Howard Stern: Mike Segar/Reuters/Newscom
May 25, 2001 at 04:00 AM EDT

Why Howard Stern’s ratings are falling

Lately, news reports have detailed a downturn in the ratings for Howard Stern’s syndicated radio show, including his fall to second place in both L.A.’s and New York’s morning drive slot. Those stories have also advanced a number of theories as to why. Some suggest that the recent China crisis and stock market instablity sent listeners scurrying to all news stations; others blame disappointment over the loss of longtime cast member Jackie ”the Joke Man” Martling, boredom with the limited entertainment value of LISTENING to women get naked on the air, or frustration at the exhaustingly long commercial blocks that interrupt the comic action.

At least some of that speculation is on the mark, but for me, a devoted fan for nearly 20 years, something more insidious — and heartbreaking — has happened: Howard Stern has become a celebrity. Yeah, I know, he’s been rich and famous for a long time, but somehow he just never FELT like a beautiful person before. Somehow, despite the multimillion dollar income and stratospheric ratings, we longtime fans felt a deep kinship with a guy who spent his off duty hours holed up in a Long Island basement, a mass of melancholy, misanthropy, and sexual frustration.

We identified with him in his rage against name dropping ”phony baloney” jet setters, saving particular ire for those middle aged stars who, as soon as they hit the Hollywood jackpot, dump the long suffering spouses who stayed with them through the salad days, only to hook up with bodacious chippies a decade or two younger than them. That Us against Them kinship may have been illusory, but it was an exciting, comforting illusion, crucial to the familial devotion felt by fans for the ostensible King of All Media.

Then in 1999 Stern got separated from his wife Alison (his long suffering spouse who stayed with him through his salad days), bought himself a fabulous new apartment in Manhattan, and began living the single life. Since then, Howard has sounded decidedly more content and engaged with life than ever. Unfortunately, he’s also become one of Them… and it shows.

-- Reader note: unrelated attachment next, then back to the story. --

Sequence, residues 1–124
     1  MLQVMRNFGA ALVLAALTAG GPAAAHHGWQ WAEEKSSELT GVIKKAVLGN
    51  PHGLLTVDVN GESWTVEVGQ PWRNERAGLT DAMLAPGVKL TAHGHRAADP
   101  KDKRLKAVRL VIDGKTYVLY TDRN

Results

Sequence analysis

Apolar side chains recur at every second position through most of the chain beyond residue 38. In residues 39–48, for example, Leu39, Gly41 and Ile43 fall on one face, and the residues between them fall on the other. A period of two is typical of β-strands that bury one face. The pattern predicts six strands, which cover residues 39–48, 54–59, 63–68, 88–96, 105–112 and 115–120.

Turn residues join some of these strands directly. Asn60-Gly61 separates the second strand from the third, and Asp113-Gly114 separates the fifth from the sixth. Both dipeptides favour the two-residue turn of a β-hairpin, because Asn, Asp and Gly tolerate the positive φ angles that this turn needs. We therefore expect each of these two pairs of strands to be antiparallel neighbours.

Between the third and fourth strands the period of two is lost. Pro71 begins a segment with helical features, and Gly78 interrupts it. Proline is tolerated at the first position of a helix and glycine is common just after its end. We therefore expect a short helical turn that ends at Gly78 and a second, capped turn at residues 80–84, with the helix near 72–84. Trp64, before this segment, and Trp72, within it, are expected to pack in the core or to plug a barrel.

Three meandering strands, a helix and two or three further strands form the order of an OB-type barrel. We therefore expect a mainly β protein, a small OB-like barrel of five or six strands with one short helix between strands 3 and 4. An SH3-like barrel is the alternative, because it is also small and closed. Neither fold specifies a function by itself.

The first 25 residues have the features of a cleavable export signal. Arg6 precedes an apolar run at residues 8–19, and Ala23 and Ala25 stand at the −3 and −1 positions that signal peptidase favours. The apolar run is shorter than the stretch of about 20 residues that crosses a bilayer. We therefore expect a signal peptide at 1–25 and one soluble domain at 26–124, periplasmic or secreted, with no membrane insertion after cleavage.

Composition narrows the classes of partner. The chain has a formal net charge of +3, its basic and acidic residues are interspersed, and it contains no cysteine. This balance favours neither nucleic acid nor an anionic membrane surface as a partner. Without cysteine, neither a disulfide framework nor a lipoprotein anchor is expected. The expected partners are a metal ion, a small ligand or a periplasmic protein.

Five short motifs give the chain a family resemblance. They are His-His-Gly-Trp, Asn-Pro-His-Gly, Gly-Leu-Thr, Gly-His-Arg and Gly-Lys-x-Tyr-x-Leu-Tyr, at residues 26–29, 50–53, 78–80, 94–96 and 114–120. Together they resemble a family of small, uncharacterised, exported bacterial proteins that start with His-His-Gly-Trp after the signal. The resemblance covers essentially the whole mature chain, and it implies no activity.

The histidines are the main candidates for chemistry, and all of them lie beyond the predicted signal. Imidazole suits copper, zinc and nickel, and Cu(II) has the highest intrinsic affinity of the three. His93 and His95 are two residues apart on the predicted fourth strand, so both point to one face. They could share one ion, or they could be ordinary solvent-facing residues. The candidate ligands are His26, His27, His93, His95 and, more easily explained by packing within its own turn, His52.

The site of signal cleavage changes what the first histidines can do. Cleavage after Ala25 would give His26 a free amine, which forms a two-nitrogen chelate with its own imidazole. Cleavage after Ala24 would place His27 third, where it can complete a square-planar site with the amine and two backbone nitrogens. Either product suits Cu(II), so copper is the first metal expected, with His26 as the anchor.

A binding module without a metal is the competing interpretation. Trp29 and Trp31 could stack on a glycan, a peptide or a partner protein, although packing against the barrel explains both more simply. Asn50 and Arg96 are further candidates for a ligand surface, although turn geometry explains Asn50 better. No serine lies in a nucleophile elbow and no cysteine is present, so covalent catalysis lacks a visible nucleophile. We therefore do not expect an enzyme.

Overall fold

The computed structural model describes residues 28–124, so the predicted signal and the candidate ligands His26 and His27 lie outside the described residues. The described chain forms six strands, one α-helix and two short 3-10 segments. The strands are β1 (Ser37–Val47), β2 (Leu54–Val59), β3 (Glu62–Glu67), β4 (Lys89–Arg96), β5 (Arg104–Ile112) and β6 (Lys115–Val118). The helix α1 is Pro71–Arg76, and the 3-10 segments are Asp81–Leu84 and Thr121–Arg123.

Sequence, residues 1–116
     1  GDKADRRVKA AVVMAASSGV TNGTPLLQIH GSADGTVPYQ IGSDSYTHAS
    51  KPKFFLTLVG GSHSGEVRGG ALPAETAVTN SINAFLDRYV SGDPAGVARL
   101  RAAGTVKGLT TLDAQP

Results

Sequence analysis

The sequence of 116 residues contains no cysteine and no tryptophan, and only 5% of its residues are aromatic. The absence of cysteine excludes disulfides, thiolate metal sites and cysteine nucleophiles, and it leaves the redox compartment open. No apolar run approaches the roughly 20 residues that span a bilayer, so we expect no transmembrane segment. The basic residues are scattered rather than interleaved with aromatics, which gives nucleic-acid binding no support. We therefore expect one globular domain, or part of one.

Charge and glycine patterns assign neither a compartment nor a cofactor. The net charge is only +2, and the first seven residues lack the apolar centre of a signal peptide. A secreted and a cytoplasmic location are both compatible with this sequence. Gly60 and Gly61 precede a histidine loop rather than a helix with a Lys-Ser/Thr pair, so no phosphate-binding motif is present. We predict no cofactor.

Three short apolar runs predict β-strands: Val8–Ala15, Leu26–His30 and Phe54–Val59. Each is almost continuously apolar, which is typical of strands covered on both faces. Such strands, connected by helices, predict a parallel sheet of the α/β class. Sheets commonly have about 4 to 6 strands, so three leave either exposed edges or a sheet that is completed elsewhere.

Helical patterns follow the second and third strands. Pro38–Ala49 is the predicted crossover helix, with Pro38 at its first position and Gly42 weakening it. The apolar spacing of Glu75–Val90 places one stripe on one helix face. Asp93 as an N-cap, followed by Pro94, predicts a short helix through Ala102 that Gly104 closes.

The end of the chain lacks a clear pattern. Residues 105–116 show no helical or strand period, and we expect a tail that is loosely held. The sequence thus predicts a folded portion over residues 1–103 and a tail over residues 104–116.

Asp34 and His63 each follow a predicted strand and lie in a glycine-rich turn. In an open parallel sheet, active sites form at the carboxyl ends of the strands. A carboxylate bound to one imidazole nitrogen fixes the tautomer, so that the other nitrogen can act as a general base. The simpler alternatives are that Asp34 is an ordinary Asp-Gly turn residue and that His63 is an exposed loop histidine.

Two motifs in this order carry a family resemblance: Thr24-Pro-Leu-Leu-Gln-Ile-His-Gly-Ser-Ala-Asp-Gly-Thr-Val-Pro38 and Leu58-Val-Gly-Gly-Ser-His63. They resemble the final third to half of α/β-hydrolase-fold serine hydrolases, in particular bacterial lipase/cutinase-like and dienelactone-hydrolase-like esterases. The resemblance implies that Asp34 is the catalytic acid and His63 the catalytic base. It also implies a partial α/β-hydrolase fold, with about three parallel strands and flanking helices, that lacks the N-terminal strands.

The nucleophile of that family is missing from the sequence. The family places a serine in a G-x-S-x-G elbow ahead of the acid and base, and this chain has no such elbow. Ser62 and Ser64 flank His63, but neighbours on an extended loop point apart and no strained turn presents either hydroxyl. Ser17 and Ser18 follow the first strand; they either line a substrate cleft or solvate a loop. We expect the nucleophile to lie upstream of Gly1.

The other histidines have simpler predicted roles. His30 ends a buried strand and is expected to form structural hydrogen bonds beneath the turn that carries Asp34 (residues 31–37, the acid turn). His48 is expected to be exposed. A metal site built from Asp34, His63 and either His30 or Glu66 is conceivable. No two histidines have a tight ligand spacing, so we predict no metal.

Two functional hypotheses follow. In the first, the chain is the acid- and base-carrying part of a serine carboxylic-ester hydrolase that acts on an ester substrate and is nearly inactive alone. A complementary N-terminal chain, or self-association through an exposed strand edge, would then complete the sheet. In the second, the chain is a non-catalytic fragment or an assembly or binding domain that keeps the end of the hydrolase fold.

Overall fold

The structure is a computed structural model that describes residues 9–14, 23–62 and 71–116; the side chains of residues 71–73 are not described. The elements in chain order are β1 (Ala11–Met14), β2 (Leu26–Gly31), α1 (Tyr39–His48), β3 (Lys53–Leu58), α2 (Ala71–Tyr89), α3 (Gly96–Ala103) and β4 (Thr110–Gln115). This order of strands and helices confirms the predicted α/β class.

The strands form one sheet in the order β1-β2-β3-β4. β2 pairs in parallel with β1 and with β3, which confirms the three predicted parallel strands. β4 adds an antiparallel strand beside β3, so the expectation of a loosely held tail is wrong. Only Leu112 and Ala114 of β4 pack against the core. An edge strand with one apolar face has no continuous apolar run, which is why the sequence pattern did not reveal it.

These days you’re prone to hear Bizarro Howard blather on about the fabulous cuisine he sampled the night before at one chi chi New York eatery or another, or the marquee name acquaintances he made at various velvet roped hotspots. Or maybe, as he did recently, he’ll reminisce about taking in a performance of ”Cabaret” on Broadway so as to see his sexy ”friend” Gina Gershon, or recall a hopping Malibu beach party where he hung out with another new pal of his, Carmen Elektra.

At the same time, he’s seemed to acquire a disturbing taste for the mediocre, whether it’s jumping on the ”Survivor” bandwagon or buddying up to the likes of E! channel gossip hack A.J. Benza and unctuous frat boy Craig Kilborn. Say what you will about showbiz oddities — and former Stern show regulars — like ”Grandpa” Al Lewis and ”The Legend” Steve Rossi, they were not mediocre.

The whole thing has been a traumatic spectacle for true Stern acolytes, something like that agonizing high school moment when your best friend suddenly deserts you and starts sitting at the cool kids table. Presumably, to love someone is to want them to be happy, which Howard seems to be. And his is still the funniest syndicated show on the air, bar none, still capable of reaching the gut busting heights of its halcyon days. But something deeply special has been lost, and us former fanatics have to wonder, Was it all a big lie? Has Howard Stern grown up… or just flaked out?

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